Carey performing in December 1998.Carey's debut album received criticism for being too similar in style to the work of Whitney Houston, and throughout her career, Carey's vocal and musical style, along with her level of success, have been compared to Houston and Céline Dion. Carey and her peers, according to Garry Mulholland, are "the princesses of wails ... virtuoso vocalists who blend chart-oriented pop with mature MOR torch song". In She Bop II: The Definitive History of Women in Rock, Pop and Soul (2002), writer Lucy O'Brien attributed the comeback of Barbra Streisand's "old-fashioned showgirl" to Carey and Dion, and described them and Houston as "groomed, airbrushed and overblown to perfection". Carey's musical transition and the use of more revealing clothing during the late 1990s were in part initiated to distance herself from this image, and she subsequently said that most of her early work had been "schmaltzy MOR". Some have noted that unlike Houston and Dion, Carey writes all of her own songs, and the Guinness Rockopedia (1998) classified her as the "songbird supreme". As of 2006 Carey had received a career-total of five Grammy Awards.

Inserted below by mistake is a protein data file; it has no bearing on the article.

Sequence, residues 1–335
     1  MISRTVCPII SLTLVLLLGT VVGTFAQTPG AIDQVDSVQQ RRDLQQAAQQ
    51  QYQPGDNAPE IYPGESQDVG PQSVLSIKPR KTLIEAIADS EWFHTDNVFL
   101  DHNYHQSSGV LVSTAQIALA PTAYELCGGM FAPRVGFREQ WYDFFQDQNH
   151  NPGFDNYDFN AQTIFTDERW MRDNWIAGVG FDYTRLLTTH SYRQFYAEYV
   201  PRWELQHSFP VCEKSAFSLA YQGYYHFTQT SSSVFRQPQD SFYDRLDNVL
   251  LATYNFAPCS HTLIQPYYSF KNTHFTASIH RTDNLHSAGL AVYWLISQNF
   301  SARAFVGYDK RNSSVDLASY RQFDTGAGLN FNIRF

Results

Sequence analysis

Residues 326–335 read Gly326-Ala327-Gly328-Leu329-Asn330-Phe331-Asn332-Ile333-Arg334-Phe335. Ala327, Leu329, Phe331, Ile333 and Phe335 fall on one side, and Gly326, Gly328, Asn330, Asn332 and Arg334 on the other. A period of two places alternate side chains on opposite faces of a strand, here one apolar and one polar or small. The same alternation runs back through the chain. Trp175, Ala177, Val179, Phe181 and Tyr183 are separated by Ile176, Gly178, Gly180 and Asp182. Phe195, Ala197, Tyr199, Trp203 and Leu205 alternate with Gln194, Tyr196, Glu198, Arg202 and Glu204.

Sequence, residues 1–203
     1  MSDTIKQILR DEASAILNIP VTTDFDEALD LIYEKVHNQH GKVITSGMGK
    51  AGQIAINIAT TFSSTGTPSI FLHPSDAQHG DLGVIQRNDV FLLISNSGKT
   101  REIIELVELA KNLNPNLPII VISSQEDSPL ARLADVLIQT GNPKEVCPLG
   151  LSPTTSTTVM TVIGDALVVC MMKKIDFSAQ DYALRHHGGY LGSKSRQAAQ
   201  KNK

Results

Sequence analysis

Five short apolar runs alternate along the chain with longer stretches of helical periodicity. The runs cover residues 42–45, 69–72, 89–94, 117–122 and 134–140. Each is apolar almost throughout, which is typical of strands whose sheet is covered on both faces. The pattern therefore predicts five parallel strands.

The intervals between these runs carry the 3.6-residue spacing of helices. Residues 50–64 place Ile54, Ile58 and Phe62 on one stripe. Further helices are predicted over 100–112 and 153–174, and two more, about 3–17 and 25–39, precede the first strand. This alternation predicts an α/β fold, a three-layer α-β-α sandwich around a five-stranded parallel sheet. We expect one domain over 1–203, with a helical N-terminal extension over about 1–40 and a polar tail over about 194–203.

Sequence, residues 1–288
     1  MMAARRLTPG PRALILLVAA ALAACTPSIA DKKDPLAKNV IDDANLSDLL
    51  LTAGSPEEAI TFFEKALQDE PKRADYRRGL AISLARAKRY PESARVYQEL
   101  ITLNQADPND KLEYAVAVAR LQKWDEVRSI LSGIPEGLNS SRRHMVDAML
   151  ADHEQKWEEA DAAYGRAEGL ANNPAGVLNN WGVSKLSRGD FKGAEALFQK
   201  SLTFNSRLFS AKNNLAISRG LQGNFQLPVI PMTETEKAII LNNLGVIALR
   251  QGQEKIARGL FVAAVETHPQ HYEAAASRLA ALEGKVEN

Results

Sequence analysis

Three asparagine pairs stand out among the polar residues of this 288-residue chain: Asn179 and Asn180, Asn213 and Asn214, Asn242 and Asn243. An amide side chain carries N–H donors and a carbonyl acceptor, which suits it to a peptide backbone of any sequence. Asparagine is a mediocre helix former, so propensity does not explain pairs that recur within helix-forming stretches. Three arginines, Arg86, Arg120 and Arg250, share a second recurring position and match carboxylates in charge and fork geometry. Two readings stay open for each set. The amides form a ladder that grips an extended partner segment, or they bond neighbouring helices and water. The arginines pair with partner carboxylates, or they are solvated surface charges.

Carey can cover all the notes from the alto vocal range leading to those of a coloratura soprano, and her vocal trademark is her ability to sing in the whistle register. She has cited Minnie Riperton as the greatest influence on her singing technique, and from a very early age, she would attempt to emulate Riperton's high notes, to increasing degrees of success as her vocal range expanded. According to most sources, she has a five-octave vocal range, though some credit her with as many as eight octaves. In 2003 her voice was voted the greatest in music in MTV and Blender magazine's countdown of the 22 Greatest Voices in Music. Carey said of the poll: "What it really means is voice of the MTV generation. Of course, it's an enormous compliment, but I don't feel that way about myself."